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Laurie Clarke

Reporter

Zoom urged to be transparent about government data requests

Digital rights advocacy group Access Now has called on video conferencing company Zoom to produce a transparency report on security and privacy.

These type of reports, routinely published by bigger companies such as Google and Microsoft, publicise the number of requests for user data the organisation has received from law enforcement and government, and whether the company acquiesced in these cases.

Zoom is one of the few companies that is thriving in the midst of a global coronavirus shut-down. The share price of Zoom (and even the totally unrelated yet easily confused ‘Zoom Technologies Inc’) is ascendant, and the company is growing its user base faster than ever.

Even before the coronavirus outbreak, Zoom was reportedly used by over 60 per cent of Fortune 500 companies and over 96 per cent of the top 200 universities in the US. But Access Now rightly points out that with the increased usage, and number of potentially sensitive meetings and exchanges, that Zoom should start being more transparent about how it handles user data.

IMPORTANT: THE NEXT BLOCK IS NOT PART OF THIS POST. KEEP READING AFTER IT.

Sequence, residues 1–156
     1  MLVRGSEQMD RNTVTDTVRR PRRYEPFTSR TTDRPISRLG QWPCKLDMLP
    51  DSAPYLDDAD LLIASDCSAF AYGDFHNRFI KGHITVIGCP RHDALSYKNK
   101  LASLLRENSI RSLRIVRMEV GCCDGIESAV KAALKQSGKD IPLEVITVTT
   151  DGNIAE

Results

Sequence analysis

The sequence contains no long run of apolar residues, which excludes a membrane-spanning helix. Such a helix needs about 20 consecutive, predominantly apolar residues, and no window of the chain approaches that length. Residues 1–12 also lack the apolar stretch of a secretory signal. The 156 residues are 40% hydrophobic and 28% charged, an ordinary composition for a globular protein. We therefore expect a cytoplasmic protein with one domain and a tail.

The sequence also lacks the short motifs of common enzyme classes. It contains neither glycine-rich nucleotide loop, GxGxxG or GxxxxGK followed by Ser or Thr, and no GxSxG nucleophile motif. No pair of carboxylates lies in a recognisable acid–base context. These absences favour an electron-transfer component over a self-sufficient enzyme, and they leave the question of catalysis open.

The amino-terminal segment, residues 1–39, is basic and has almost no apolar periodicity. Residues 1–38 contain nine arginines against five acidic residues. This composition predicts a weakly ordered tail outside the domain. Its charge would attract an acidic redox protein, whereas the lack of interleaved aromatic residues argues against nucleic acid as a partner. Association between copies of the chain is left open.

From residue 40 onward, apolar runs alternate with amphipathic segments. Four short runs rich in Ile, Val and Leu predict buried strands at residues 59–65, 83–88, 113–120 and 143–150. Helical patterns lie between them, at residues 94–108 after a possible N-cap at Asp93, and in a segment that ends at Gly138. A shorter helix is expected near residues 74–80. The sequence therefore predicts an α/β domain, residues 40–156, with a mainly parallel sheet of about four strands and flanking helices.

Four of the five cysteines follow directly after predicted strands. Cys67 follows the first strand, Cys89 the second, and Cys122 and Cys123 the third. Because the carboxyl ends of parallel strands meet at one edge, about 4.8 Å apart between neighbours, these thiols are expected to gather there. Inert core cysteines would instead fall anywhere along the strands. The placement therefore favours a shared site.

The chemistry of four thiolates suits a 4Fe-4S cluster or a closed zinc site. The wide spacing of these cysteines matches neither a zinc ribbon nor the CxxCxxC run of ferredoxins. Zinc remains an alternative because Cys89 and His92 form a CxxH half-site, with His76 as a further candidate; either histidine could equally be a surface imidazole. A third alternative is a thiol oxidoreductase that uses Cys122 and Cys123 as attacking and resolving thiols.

“The growing demand for your services makes Zoom a target for third parties, from law enforcement to malicious hackers, seeking personal data and sensitive information,” wrote Isedua Oribhabor, Access Now’s US policy analyst, and Peter Micek, Access Now’s general counsel, in the letter to Zoom.

“Meanwhile, as people gather online, these assemblies will ​draw scrutiny from authorities​ looking to control the flow of information. This is why disclosing only privacy policies is not enough — it is necessary for Zoom to also disclose its policies and procedures protecting the data and accounts of everyone interacting with its services through a regular transparency report.”

The letter stipulates that Zoom should share information with its users about the following points:

  • The number of government requests for user data you receive by country, with compliance rates, and your procedures for responding to these requests;
  • The circumstances when you provide user information to government authorities;
  • Policies on notice to potentially affected users when their information has been requested or provided to government authorities, or exposed by breach, misuse, or abuse;
  • Policies and practices affecting the security of data in transit and at rest, including on multi-factor authentication, encryption, and retention; and
  • Policies and practices affecting freedom of expression, including terms of use and content guidelines for account holders and call participants, as well as statistics on enforcement

Zoom’s record on security is mixed too. In July 2019, researchers at cybersecurity company Check Point found it was possible to exploit the way Zoom generated URLs for virtual conference rooms and use this to snoop on meetings.

In January 2020, the same company found security flaws that would have allowed a potential hacker to join a video meeting uninvited and eavesdrop.

Zoom didn’t respond to a request for comment.